I also personally do not think that consensual sex between people within five years of each other's age where one is underage should be classified as rape, so that does not confuse the issue.

I think Megan's Law is a longstop. It recognizes that prisons and probation services are run by a bunch of milksops who are likely to let dangerous people out early, that this is unlikely to change and that therefore the people should have information they need to protect their children. I'm not sure it has been terribly effective in acheiving this, however.

As for whether there have been any lynch mobs in the US, the NSPCC review of the evidence found, "There appears to be some indication that community notification may result in harassment and vigilantism. However, there is little empirical quantitative or qualitative evidence about this: the number of reported examples is low and it is difficult to know the level of unreported incidents."

..with a lower limit of 13 before someone jumps in as says a 15 year can have sex with a 10 year old.

Let's get real and stop pretending we live in the 1950's. I grew up in Essex and kids were having sex from 12. Not many, but it was occurring and by 14 many had had sexual experiences, if not full penetrative sex.

It should be an offence, but it should not be classified as rape,imho, putting thse kids in the same bracket as a paedophile.

The solution to this problem is simple you lock people up until they are deemed to be no danger whatsoever to the public anymore.
By the way is it any wonder I often call people on this site idiots when we have one person advocating bringing back Victorian asylums and another effectively saying sex with children should be made lawful.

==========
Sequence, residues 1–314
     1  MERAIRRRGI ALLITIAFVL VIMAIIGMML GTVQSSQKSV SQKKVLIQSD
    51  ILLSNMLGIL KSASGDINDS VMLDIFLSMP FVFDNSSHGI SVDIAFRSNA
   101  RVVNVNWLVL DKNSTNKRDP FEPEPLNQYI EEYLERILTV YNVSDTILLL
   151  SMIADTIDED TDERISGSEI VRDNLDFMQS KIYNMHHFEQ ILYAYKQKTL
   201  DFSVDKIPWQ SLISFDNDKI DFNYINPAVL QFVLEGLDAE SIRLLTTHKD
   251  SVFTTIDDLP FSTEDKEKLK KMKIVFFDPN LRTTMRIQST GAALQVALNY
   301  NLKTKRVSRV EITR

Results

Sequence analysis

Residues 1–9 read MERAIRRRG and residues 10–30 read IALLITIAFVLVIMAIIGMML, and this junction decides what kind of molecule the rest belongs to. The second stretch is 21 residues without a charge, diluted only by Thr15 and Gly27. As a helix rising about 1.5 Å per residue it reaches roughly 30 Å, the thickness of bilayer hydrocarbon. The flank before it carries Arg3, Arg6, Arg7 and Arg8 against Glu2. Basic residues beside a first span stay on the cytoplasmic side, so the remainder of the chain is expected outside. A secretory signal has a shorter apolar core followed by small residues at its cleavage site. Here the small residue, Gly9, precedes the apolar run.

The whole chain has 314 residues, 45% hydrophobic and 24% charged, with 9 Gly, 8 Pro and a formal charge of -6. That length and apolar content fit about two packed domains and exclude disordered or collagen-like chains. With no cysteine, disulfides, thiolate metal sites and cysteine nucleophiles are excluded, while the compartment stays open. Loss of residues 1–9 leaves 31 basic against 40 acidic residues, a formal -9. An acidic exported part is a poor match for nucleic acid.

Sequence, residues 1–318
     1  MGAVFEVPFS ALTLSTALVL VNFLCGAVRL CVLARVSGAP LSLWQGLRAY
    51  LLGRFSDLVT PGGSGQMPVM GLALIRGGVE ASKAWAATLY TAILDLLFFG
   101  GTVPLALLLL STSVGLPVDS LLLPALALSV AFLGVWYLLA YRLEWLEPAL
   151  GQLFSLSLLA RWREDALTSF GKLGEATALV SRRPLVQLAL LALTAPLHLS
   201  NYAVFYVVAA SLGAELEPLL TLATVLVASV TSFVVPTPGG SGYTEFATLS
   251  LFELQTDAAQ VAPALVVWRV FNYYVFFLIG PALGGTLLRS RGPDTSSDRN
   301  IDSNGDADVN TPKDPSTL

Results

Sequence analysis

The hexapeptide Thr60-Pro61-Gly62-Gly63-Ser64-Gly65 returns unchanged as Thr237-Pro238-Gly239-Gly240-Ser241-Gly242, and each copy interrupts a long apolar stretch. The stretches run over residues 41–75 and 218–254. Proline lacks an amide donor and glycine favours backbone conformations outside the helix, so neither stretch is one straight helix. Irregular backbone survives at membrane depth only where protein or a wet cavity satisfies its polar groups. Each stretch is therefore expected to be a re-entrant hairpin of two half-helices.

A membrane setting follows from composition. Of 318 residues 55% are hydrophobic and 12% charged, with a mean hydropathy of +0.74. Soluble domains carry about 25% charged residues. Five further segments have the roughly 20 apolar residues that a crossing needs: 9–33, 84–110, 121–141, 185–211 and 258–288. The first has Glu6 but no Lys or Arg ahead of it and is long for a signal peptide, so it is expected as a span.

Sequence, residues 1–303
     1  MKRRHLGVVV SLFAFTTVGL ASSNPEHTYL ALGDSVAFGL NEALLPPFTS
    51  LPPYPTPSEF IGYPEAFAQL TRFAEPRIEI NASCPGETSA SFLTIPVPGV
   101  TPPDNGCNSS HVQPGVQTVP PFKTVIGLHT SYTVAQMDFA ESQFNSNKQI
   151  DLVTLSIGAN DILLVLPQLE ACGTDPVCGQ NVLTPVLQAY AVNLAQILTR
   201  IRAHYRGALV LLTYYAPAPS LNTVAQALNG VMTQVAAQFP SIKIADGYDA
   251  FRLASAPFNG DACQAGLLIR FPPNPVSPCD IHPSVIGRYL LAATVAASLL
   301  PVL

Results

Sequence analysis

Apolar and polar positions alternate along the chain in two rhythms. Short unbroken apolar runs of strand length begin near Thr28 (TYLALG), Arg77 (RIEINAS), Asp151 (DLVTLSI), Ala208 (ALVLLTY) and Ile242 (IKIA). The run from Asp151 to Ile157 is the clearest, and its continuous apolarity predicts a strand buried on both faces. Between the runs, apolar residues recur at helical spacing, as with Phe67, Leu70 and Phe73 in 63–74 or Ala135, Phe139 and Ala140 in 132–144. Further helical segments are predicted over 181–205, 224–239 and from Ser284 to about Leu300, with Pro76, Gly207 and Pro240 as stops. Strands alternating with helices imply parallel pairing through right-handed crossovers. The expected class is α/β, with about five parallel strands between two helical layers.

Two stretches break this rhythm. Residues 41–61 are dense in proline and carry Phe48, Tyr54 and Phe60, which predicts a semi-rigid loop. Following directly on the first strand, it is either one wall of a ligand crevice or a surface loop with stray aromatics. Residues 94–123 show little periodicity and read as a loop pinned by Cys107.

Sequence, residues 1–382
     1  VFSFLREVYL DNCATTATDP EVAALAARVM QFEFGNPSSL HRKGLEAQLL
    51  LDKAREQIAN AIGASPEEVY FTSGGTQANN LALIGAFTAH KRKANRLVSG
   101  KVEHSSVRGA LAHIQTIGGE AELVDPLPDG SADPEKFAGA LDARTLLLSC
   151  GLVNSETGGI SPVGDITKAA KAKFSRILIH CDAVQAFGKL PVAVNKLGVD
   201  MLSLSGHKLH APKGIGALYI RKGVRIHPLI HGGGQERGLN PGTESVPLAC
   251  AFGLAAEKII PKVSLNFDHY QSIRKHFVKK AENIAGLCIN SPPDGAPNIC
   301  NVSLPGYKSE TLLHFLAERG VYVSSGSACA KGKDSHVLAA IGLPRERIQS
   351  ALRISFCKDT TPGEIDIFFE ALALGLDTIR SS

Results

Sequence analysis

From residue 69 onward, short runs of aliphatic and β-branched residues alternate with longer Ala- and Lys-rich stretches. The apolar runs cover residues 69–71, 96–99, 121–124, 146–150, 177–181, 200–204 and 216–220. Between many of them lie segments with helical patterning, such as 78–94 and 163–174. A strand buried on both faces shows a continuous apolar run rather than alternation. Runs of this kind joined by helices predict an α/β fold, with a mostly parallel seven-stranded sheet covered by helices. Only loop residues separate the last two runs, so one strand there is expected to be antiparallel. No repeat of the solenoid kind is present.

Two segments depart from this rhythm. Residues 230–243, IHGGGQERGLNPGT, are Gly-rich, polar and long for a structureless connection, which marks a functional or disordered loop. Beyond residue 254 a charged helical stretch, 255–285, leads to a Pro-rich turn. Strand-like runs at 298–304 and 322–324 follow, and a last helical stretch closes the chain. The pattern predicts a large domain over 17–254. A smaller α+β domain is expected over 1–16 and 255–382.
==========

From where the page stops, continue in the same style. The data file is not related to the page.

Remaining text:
I tell you with so called friends like these the Conservative Party don`t need enemies.

Oh Jack.Even by your low standards this is a deranged post.Nobody is advocating adult sex with a child and regarding 'asylums' the point being made is that some paedophiles are mentally ill.Are you arguing with that premise?

the point is surely -

(a)that the conservative party has no intention of calling for convicted paedos to be locked up for life because they dont believe in such tough sentences.
(b) the ECHR judges in strasbourg would determine legality of any megans law anyway.
(c) is it "principled" or pure incompetence for the tories to be seen as defendin gthe human rights of literally the most hated group of people in the world? davis has identified himself so far with (a) crazed terrorists and (b) convicted paedos. nice going tories.

I agree with those who say that this isn't the route to go down and instead we should be building more prisons etc.

If someone is a danger to society they should be locked up, simple as that.

I think that it would be unwise to introduce Megan's law into this country.

In the States where it has been introduced they have a much more cut and dried Criminal Justice System, even though it apparently varies from state to state.

Their system has not been tinkered with as our justice system has been over the last ten years, and in addition we have the b....y awful HRA which also interferes inappropriately. And if that isn't enough we have the ever efficient Crown Prosecution Service!

As far as paedophiles are concerned most research seems to show that hardened paedophiles ARE recidivist i.e. a spell in prison will not 'cure' them, whether they have 'paid their debt to society' or not!! Not only that I read once that some research had shown that castration - chemical I presume had been shown to have no effect at all on the paedophiles obsession with mauling children and babies.